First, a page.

The IMF calculates that Serbia’s GDP will grow by 2.3 percent this year, News
The International Monetary Fund (IMF) calculates that Serbia’s GDP will grow by 2.3 percent this year, the National Bank of Serbia expects growth in the range of two to three percent, the Government of Serbia hopes for growth of 2.5 percent, and for now the most optimistic projection is the European Bank for Reconstruction and Development – admittedly from September last year – which says that the GDP of our country will grow by 3.3 percent this year.
Milojko Arsić, editor of the “Quarterly Monitor” and professor at the Faculty of Economics in Belgrade, previously told Biznis.rs that he expects GDP growth of two percent in 2023.
What data and trends are these growth forecasts based on?
“We project the real GDP growth of Serbia at 2.5 percent for 2022 and 2.3 percent for 2023, with the caveat that the risks for these projections are the impact of the drought on the agricultural sector, the increase in energy prices, as well as the lower projected growth with Serbia’s European trading partners”, says the report of the members of the IMF mission, who negotiated with the Government of Serbia on concluding the current stand-by arrangement.
“Looking ahead, a modest recovery of GDP growth to three percent in 2024 and a return to four percent growth in the medium term is expected,” the IMF forecasts. In the analysis of last year’s events, they indicate that economic growth in Serbia was strong, and that it exceeded four percent in the first half of 2022.
“However, we expect a slowdown in the second half of the year, mainly due to weaker demand from EU trading partners together with higher commodity prices, especially energy, supply chain disruptions and severe summer drought.” For both 2022 and 2023, we project a real slowdown in GDP growth to two to three percent due to the unfavorable international environment and the ongoing multidimensional crisis, while after 2023 we expect growth to accelerate to pre-crisis levels, as the effects of the conflict in Ukraine on external demand weaken. and how the planned infrastructural projects will be implemented”, says the report of the IMF mission.
In November, the National Bank of Serbia (NBS) corrected its GDP growth projection for 2022 and 2023 by stating that it expects growth to be in the range of two to three percent in both years.
“Due to the expectation that during 2023 economic activity in the euro zone, as well as in other countries that are our important trading partners, will be significantly weaker than expected, but also due to a smaller effect of the transferred tendencies from this year (the so-called carry over effect ), for the year 2023, we lowered the growth projection of Serbia’s gross domestic product, also to a range of two to three percent,” said Governor Jorgovanka Tabaković at the presentation of the November Inflation Report.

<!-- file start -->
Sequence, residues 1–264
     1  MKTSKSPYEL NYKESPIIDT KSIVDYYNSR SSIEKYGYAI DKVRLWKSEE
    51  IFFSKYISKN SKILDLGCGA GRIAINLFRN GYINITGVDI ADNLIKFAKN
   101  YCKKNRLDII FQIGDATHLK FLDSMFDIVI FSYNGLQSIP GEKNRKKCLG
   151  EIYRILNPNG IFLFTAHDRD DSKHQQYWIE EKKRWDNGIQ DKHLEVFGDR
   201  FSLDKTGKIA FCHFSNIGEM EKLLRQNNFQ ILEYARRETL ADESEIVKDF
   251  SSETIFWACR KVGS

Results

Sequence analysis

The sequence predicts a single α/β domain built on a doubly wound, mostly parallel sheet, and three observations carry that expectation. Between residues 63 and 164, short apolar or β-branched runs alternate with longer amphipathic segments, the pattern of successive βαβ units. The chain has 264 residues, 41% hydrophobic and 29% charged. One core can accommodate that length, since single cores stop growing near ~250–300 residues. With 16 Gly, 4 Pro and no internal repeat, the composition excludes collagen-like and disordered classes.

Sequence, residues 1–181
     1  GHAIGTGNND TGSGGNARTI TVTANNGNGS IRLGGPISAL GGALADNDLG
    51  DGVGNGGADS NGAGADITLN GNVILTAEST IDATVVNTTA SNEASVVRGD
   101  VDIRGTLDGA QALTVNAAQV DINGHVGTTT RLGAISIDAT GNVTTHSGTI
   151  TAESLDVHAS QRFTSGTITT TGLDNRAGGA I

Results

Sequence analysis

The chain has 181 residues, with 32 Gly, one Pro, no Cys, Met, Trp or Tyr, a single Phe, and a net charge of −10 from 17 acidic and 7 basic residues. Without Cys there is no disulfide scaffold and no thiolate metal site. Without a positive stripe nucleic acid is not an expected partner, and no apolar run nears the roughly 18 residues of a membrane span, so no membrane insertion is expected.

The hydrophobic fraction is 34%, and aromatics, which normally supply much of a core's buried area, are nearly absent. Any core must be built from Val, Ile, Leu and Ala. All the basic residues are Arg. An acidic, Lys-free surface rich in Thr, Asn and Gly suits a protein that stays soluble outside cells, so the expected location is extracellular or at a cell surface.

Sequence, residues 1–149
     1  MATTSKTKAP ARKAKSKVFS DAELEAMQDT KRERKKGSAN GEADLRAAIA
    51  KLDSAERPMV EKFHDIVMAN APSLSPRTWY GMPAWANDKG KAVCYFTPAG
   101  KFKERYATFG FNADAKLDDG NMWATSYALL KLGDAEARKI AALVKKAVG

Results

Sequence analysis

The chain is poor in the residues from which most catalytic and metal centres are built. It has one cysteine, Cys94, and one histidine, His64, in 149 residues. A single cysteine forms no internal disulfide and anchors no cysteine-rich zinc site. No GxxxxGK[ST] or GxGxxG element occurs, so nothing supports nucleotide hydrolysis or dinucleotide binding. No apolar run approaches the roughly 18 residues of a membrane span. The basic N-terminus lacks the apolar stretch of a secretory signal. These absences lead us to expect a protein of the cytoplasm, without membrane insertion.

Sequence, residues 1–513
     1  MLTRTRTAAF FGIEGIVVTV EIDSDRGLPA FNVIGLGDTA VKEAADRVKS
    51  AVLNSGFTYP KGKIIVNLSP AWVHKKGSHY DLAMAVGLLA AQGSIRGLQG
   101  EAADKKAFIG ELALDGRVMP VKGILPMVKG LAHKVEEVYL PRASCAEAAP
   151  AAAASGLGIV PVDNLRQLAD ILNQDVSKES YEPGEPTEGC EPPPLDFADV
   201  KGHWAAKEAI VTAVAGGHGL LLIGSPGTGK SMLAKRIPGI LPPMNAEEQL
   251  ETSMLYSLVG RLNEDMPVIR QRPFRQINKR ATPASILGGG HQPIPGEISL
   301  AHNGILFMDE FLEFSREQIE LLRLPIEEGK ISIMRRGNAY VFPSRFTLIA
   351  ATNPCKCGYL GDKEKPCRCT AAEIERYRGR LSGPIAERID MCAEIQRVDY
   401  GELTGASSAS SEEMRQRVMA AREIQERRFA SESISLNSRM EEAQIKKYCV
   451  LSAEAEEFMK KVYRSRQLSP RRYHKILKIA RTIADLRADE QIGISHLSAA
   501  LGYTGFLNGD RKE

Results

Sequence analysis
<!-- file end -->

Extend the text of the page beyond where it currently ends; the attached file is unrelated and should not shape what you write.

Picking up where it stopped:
“Under the assumption of a significant reduction in geopolitical tensions and the recovery of external demand, as well as due to the planned implementation of investment projects, primarily in the field of road, railway, energy and communal infrastructure, from 2024 we expect an acceleration of economic growth, first to around 3.5 percent, and then a return to the pre-pandemic growth path of around four percent per year in the medium term”, stated Tabaković at the time.
Domestic economists gathered around the “Quarterly Monitor” expect that the GDP growth of Serbia in 2023 will amount to around two percent.
“Serbia achieved a negative growth rate in the third quarter of this year compared to the previous quarter, and that is when the influence of the season is excluded. If this happens again in the fourth quarter, our country would formally be in a ‘shallow’ recession, like the one expected in many European countries,” Milojko Arsić, a professor at the Faculty of Economics in Belgrade and editor of the “Quarterly Monitor”, told Biznis.rs.
Explaining the growth forecast, Arsić said that our country will enter the new year with a minimal or negative growth rate, while at the same time restrictive monetary policy will continue in Serbia and in Europe, so high interest rates are expected to bring down investments and consumption.
“Also, high inflation is still expected in the first half of the year, and there is also the risk of rising energy prices and their shortage,” added Arsić.
Of all the mentioned forecasts, the most optimistic for Serbia is the EBRD growth forecast – but because it has not been “updated” since October 2022.
“It is expected that the economy of Serbia will continue to grow at a slower pace of about 3.3 percent in 2022 and 2023.” Serbia is not immune to the indirect effects of the war on Ukraine. This includes the expected slowdown of the export markets of the Eurozone, which would affect the large production sector of Serbia, as well as the effect of rising food and energy prices on world markets, which will burden the budgets of households, utility companies and the state. The continuation of significant public investments is good for Serbia’s economic prospects, but the long-term energy crisis will also mean the outflow of money from the budget,” the EBRD warned last fall, Biznis writes.
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